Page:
Kiana is a Senior TED fellow and regularly contributes to The New York Times from Afghanistan. Her work focusses on migration, youth and sexuality. Here she tells us about her experience witnessing a food distribution and documenting the impact of Covid-19 on communities in Herat, Afghanistan.
After four decades of back to back war; loss and death is part of daily life for Afghans. But now with Covid-19 on top of everything else, the economy has been hit really hard and poverty and food insecurity is rising fast.
The communities I photographed in Herat were struggling to get by each day. Many families had to send their children to bed hungry or cut out other essential things like medicine, to provide food for their families.
A photograph I took of women queuing for food stayed with me. I met pregnant women who were begging to get to the distribution because they had no food to offer to their children for the night.
I met a 30-year-old woman, Pari Gul, at one of the food distribution centres, where she received a bag of flour, 5 kilograms of split peas and some baby food, enough for 15 days. When I visited her at her home, her family was very welcoming, open minded with a positive attitude despite the difficult life they have been living.
Pari Gul and her husband Eid Gil have 7 children but unlike most Afghans, they praised and valued their daughters and sons equally.
Eid Gul suffers from major health issues. He’s had a kidney transplant. The blood dialysis and the multiple surgeries have left him so ill that he’s unable to work.
The family has pooled all the resources they have and all the children work when they are not in school – doing informal jobs like shining shoes or cleaning rice and lentils.
Pari Gul cleans houses and washes clothes for wealthier people. All those small jobs have disappeared and at the moment their 13-year-old son, is the sole breadwinner of the family. He works at a mechanic workshop and earns a very low wage.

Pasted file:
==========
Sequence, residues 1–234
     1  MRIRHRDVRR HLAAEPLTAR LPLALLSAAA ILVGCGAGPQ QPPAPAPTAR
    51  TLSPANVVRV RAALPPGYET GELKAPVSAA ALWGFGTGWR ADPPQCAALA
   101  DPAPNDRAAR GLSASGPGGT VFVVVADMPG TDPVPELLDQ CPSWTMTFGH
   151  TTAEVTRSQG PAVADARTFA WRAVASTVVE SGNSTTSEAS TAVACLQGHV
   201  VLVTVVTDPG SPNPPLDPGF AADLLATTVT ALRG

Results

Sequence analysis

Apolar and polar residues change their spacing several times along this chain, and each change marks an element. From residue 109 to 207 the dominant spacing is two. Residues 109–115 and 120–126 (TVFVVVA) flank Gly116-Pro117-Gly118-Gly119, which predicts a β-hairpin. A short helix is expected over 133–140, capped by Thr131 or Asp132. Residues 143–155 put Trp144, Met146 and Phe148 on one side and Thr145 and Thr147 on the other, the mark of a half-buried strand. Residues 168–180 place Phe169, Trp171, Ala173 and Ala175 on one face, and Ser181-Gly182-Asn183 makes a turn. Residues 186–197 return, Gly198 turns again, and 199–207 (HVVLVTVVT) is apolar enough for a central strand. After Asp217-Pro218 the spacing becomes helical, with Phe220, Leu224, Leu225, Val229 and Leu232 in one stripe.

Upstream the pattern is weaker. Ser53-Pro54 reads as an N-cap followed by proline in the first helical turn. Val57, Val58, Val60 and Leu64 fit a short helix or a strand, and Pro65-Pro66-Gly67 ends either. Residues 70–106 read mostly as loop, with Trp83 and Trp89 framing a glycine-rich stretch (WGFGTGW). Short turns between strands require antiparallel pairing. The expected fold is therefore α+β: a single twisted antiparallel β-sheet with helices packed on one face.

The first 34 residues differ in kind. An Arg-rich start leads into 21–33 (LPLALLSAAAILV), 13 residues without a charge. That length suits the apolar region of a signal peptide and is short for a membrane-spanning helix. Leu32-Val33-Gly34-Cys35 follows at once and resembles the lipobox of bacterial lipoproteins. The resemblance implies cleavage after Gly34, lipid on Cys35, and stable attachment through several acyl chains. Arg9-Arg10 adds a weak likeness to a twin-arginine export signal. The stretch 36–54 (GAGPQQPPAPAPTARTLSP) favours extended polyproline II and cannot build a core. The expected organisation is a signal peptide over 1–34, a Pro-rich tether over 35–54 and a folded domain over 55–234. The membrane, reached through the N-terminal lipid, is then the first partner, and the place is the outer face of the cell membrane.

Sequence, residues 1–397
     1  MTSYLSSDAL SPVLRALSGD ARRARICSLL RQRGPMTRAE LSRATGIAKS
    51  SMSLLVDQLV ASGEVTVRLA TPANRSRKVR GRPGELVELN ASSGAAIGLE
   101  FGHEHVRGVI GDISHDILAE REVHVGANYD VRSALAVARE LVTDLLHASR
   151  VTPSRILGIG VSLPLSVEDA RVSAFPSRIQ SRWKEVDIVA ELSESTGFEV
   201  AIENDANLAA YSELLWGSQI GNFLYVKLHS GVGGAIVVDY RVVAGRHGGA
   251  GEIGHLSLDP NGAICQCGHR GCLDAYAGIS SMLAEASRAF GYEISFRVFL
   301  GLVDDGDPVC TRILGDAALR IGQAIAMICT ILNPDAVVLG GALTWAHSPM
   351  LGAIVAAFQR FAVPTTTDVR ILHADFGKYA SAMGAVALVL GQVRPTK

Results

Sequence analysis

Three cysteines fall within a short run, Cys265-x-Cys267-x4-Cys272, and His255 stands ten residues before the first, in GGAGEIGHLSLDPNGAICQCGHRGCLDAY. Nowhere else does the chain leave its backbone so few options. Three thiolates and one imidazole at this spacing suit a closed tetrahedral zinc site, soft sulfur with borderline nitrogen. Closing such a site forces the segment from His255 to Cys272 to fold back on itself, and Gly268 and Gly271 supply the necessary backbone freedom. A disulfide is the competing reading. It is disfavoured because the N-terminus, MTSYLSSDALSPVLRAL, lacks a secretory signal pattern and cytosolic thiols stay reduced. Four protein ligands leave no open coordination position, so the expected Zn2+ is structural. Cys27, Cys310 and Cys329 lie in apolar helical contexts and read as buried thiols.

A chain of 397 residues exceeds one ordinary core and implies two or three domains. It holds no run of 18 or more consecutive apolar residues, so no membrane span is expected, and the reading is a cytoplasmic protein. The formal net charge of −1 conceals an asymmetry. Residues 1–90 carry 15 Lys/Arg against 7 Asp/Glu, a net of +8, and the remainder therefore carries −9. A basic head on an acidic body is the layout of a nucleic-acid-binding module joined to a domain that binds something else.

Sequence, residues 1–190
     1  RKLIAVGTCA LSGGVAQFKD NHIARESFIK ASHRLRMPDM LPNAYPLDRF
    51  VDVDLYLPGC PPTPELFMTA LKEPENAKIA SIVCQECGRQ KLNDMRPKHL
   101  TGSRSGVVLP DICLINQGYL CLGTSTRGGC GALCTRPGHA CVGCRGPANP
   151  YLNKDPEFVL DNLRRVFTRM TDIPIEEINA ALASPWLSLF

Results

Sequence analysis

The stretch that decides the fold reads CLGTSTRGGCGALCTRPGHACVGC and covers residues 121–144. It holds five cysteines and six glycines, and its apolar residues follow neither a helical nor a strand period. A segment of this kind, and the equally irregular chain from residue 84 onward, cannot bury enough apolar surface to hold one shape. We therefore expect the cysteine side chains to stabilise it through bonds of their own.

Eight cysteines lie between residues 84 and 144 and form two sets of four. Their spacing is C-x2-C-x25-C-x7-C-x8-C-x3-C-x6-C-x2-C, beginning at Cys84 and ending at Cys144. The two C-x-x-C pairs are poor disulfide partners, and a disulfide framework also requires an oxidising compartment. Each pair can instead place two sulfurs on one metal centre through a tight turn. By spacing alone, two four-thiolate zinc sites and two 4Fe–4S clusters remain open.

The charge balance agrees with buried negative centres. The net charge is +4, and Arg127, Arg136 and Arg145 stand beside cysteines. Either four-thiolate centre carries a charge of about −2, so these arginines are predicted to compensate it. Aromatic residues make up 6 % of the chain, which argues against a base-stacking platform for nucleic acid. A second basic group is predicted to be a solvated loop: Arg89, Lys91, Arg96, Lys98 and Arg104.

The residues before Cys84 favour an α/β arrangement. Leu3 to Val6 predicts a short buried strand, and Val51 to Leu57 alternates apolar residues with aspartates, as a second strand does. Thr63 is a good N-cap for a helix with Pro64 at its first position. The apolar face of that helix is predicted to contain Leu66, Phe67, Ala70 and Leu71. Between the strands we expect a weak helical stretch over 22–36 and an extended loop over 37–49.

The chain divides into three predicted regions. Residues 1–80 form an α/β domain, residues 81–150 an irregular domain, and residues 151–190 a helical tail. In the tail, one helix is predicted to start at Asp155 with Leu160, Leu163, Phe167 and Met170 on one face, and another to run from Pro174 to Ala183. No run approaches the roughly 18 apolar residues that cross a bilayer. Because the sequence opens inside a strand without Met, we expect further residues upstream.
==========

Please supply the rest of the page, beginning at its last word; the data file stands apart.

When I visited the family, they had been surviving on bread and tea and sugar for weeks. Pari Gul is struggling to produce enough milk to feed her baby, meanwhile she is pregnant with her eighth child. Eid Gul will run out of medicine soon, which he says can lead to a second transplant failure.
Their family really stood out, because despite all these difficulties, Pari Gul and Eid Gul have sent all of their children to school throughout these years. Even if they had to go to bed hungry, they never let any of the children miss a day of school which is very impressive in the context of Afghanistan.
This pandemic is a historical event and will be talked about beyond our time.
I constantly follow the news, attend webinars and speak to professionals to keep myself up-to-date on how the virus spreads. Based on those conversations, I follow a protocol to keep safe. I do double the amount of risk assessment I usually do working in Afghanistan. I turn down assignments if I feel it’s not worth the risk. I wear a mask, wash my hands and use goggles in higher risk areas – and I’m constantly cleaning my gear. I haven’t changed the focal length of the lens I use, but I do consider whether it’s safe to shoot indoors.
When I am at home editing my images, I think about the wider story. I look at my edit and consider frames that are missing or frames that will help the narrative. I think about sequencing … and I think about the people I’ve met while working.
Some people stay in my mind for a long time.
Some of the images we see can be grim, sad or come from lands and societies that are far out of our reach. It might be easier for us to consider the people portrayed as ‘the others’. We have a tendency of distancing ourselves and I think that’s very dangerous. We need to look for familiar symbols or emotions to keep us connected; things that help us to put ourselves in other people’s shoes. To me, having empathy is the key to a better world.”